Sodium-cooled Fast Reactors (SFRs)

This unconventional nuclear technology is currently at an advanced stage of development. SFRs involve a fast reactor circuit with molten sodium as the coolant (Hokenson 242). The liquid metal enables the system to operate at low pressure close to atmospheric levels. Another advantage of SFRs is that the heat-transfer character of molten sodium makes it possible to perform passive cooling. The outlet temperature is modest, ranging between 500°C and 550°C (Lou and Gandy 2834). This thermal level (lower than that achieved by HTGRs) means that they can utilize materials that cannot be used in other reactors. SFRs involve two designs that differ in the heat exchange systems implemented. The first one is the loop-type concept, where both the core and heat exchanger are embedded in a pool of liquid sodium (Lou and Gandy 2834).). The second design is the loop-type reactor, where the heat exchange component is contained in a distinct vessel.

Modular SFRs that are assembled in the factory before being shipped for installation on site are possible. However, the sodium used in SFRs is highly reactive to oxygen and water and can cause fires. Therefore, the coolant system must include an intermediary cooling component to remove this metal from vapor to avoid its release during accidents (Howarth 175). As a result, SFRs have additional costs associated with maintenance and safety. They include an enclosed fuel cycle that can utilize spent fuel but refueling may be necessary after a few decades. Like LFRs, SFRs also destroy actinides, reducing the half-life of radioactive waste. Given the safety and cost concerns, only a few SFR plants occur globally in Russia, China, and India.

Molten Salt Reactors (MSRs)

The coolant for these reactors is liquefied salts used to cool the core. The MSR design is similar to that of the HTGR but utilizes salt blocks to cool the circuit. An MSR variant is the salt-fueled MSRs in which molten fuel is combined with the salt coolant (Mignacca and Locatelli 3). They can operate in the fast or thermal spectrum, and the actinide burn-up potential of fast-MSR reactors is high; hence, useful in reducing radioactive emissions during accidents. Another advantage is that a high outlet temperature (700-1000°C) can be achieved using MSRs (Mignacca and Locatelli 7). However, attaining this thermal level is difficult, and further technological research is needed. A distinctive feature of salt-fueled MSRs is the freeze plug, a passive safety component useful during an accident. American and Chinese firms are currently developing MSR reactors.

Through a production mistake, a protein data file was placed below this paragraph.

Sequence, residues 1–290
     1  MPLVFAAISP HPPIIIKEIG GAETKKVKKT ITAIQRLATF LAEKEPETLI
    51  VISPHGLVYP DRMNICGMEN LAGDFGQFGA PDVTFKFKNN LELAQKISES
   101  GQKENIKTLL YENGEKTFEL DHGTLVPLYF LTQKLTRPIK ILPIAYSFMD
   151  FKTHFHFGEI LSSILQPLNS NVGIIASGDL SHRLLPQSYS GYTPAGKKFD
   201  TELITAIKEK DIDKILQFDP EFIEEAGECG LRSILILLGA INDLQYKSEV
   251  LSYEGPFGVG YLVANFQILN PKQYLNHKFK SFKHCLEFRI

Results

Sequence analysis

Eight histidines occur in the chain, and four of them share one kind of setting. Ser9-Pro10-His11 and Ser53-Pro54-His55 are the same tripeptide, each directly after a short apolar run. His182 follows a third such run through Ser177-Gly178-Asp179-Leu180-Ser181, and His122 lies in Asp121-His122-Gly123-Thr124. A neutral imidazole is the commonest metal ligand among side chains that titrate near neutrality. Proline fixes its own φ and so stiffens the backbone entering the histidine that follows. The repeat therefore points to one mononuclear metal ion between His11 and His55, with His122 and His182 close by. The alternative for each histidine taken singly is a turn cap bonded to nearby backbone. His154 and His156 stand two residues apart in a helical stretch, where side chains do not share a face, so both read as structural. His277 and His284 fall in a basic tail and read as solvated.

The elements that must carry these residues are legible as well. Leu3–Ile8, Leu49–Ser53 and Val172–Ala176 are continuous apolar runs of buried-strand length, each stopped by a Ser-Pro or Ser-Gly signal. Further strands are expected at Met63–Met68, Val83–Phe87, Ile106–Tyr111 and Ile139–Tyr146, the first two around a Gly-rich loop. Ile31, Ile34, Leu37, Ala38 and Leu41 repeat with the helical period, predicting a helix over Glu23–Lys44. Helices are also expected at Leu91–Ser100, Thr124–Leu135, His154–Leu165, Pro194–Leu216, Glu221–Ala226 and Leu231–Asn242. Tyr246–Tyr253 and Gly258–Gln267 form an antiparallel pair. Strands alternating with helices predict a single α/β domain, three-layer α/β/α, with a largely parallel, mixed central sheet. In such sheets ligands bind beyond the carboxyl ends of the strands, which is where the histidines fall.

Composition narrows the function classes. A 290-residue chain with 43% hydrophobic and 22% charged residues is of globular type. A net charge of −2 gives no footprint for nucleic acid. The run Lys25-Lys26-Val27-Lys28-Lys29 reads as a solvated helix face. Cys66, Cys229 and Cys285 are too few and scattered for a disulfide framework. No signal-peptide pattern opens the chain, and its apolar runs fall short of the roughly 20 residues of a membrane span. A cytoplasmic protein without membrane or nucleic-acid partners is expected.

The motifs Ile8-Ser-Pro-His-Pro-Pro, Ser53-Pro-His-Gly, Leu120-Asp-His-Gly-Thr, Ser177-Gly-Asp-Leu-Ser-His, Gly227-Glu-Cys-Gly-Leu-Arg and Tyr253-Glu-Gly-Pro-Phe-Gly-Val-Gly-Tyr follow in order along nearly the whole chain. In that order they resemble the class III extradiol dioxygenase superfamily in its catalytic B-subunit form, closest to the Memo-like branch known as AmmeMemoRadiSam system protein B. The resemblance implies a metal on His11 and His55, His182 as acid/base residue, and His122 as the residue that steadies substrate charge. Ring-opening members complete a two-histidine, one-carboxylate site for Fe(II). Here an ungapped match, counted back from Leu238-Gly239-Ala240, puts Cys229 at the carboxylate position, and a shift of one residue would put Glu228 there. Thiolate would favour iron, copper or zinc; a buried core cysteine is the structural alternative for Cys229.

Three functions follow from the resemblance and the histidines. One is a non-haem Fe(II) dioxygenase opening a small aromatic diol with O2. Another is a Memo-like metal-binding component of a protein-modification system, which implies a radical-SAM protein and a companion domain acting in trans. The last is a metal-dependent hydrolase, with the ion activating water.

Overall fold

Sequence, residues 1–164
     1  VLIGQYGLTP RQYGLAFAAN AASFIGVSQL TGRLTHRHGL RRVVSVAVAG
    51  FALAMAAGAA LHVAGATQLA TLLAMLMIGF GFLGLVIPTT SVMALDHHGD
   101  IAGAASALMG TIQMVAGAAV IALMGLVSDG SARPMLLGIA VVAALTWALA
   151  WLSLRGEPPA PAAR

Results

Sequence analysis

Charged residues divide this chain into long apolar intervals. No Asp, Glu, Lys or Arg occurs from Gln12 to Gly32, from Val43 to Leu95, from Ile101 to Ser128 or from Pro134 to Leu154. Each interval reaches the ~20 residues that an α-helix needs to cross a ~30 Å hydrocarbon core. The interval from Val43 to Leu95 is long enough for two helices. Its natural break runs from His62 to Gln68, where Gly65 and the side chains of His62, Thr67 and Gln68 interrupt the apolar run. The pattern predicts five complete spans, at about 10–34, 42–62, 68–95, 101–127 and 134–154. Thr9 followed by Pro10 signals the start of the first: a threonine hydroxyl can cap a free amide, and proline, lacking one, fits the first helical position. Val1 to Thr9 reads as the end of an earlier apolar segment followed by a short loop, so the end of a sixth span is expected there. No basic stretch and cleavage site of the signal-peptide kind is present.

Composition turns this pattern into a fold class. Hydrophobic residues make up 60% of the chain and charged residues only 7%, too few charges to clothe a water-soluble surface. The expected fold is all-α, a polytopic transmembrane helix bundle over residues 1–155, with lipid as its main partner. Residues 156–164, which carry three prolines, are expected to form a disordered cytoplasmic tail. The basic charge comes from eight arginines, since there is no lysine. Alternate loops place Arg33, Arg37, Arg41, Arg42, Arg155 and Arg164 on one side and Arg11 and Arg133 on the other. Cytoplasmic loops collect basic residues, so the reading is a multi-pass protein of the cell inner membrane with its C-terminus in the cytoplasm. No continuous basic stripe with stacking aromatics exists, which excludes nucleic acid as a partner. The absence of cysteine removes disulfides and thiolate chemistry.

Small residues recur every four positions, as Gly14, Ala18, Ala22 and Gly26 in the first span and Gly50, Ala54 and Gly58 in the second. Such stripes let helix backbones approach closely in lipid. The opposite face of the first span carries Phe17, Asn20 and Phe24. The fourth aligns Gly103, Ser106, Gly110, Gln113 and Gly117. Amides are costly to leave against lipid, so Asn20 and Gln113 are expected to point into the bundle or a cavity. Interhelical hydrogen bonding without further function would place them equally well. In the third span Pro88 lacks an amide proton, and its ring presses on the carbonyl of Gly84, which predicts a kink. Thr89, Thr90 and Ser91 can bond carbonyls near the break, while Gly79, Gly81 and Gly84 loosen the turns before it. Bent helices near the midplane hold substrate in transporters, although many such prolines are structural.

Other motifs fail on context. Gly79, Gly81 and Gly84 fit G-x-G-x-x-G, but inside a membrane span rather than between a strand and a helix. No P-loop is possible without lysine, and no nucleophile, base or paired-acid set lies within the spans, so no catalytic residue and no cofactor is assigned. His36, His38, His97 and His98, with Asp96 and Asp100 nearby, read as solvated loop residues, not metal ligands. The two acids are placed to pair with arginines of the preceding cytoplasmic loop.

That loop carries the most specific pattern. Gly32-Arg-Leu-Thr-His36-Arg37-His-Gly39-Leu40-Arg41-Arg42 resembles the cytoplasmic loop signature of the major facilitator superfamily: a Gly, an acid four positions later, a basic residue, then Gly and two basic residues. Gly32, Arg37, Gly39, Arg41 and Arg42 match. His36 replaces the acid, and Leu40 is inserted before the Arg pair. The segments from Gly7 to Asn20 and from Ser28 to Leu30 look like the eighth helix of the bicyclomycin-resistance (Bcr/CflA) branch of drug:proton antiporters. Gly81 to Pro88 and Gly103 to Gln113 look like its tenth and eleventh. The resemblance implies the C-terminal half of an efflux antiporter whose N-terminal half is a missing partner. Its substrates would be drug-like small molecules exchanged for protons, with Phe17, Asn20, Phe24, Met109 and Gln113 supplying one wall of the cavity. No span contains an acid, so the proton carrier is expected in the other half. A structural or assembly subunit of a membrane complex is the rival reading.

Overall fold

Fusion Reactors

These advanced nuclear designs generate power by fusing light atomic nuclei. Research and development (R&D) of this concept has attracted significant investment to build a testing facility. Fusion energy generation uses light atoms (hydrogen) subjected to high temperatures to produce a plasma with free electrons (Howarth 174). Keeping the plasma intact during heating to fuse the nuclei is a design problem. A proposed experimental project in the United States plans to use a magnetic field to achieve high temperatures needed by fusion reactions. The advantage of fusion reactors is that it produces no harmful emission or radioactive waste. Additionally, their design and energy source (hydrogen) reduce the risk of a meltdown.

A Public Policy Proposal

From the discussion above, advanced nuclear technology could address safety issues, high capital cost, hazardous spent fuel, and nuclear arms development that seem to hamper its widespread adoption in electricity generation, transportation, and industries. Given these concerns, the diversity of designs with different benefits and drawbacks, and the rising demand for non-emitting sources of energy, a central regulatory agency is proposed. This publicly-funded body will coordinate R&D efforts and mitigate safety and other risks to the environment and the public using a multi-pronged approach.